December 14, 2020 Single Round Match 795 Editorials
Thanks to misof and Jy_25 for writing the editorials.
There are multiple different approaches possible. I’ll list a few of them below.
Option 1: sum. We can sum the cost of all items and divide it by N. If there is any remainder, fair division is impossible. Otherwise we know the amount A each pirate should receive. We can now iterate through all the items. If we see one that’s too expensive, there is no solution. If we see one with the correct cost, it must be given to one pirate. And if we see a cheaper one worth x, we must find another item worth A-x to pair with it. If we fail to find one, there is no solution. If we do, we mark it as used (to avoid using the same item in multiple pairs) and go on. Once we successfully process all items, we can conclude that we constructed a valid loot division.
Option 2: largest element. We can sort all the items. As there are fewer than 2N items, some pirate must only receive one item. Then, clearly, it must be the largest item. Now we either use its value as the value A from the previous solution, or we use the approach given in the following solution.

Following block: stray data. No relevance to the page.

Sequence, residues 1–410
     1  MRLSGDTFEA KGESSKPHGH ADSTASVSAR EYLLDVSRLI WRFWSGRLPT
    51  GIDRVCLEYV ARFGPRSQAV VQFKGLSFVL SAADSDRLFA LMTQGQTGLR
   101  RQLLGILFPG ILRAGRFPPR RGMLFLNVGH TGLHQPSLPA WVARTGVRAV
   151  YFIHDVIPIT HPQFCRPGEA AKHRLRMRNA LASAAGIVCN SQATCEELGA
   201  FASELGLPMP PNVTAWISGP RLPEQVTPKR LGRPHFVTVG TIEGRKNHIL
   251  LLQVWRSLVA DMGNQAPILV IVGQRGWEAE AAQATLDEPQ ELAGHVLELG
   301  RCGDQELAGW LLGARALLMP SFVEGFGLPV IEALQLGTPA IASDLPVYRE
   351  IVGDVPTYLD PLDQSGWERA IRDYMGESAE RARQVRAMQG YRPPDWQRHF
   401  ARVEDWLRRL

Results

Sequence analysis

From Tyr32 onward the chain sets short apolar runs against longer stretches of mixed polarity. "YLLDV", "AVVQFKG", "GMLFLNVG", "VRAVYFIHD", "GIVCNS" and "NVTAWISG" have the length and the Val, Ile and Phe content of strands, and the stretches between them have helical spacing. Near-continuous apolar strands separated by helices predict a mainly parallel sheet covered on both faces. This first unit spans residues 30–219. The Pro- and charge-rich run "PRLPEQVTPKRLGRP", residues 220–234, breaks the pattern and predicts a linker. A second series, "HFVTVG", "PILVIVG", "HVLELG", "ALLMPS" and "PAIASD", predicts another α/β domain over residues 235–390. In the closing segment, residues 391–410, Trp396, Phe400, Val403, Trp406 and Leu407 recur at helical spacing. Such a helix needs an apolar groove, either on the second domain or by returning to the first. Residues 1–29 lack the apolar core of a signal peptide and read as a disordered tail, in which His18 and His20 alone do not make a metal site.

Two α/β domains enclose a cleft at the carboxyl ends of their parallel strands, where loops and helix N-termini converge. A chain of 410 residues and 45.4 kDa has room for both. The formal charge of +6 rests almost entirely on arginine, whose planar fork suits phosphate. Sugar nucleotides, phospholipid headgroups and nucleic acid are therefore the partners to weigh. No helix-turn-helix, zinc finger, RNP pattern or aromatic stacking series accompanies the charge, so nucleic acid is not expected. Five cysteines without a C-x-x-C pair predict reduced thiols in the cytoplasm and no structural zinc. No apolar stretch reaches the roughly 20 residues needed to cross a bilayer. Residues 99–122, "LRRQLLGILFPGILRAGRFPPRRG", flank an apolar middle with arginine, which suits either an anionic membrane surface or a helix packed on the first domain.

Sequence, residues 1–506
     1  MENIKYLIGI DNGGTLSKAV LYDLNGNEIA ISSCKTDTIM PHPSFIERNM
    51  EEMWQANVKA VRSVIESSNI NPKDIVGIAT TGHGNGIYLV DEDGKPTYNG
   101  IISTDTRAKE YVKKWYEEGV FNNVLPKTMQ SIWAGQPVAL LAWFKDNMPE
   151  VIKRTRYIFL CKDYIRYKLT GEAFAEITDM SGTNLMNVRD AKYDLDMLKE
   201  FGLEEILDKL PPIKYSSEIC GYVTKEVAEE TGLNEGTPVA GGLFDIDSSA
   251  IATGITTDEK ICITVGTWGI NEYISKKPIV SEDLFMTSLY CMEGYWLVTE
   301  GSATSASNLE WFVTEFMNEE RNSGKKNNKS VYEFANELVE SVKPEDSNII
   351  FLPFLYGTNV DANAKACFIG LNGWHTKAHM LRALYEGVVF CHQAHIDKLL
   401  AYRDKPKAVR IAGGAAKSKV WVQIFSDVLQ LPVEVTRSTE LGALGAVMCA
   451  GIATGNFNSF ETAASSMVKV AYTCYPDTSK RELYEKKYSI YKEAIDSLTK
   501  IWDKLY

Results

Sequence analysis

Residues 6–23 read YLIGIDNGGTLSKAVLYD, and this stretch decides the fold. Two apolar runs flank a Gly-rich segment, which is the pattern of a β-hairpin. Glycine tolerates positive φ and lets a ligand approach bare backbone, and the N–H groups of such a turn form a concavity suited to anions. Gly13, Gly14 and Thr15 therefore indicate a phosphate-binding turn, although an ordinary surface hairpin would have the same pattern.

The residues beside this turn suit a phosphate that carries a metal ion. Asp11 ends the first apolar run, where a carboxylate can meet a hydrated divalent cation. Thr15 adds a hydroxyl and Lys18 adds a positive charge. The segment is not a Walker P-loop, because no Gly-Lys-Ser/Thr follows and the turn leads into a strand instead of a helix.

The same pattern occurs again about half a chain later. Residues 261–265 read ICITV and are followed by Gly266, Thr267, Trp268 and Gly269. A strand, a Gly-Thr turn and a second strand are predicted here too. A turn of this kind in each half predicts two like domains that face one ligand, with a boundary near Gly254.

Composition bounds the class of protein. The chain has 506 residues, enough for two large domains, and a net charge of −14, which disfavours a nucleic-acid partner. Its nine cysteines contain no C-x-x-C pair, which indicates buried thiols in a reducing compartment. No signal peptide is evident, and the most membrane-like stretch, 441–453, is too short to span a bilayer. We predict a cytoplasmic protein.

Option 3: padding with zeros. We can add items worth 0 to the collection until we have exactly 2N items. Now, we are looking for a solution in which each pirate gets exactly two items: the 0-cost items will be assigned to pirates that originally only got one item.
In this new situation, once we sort all the items, we can make a simple observation: the more expensive a pirate’s first item, the cheaper the second item. Hence, we just need to check exactly one solution: pair the cheapest item with the most expensive one, the second cheapest with the second most expensive, and so on.
Formally, a solution exists if and only if all sums of the form cost[i] + cost[2N-1-i] are equal.
The most traditional formula for the area of the triangle is base * height / 2.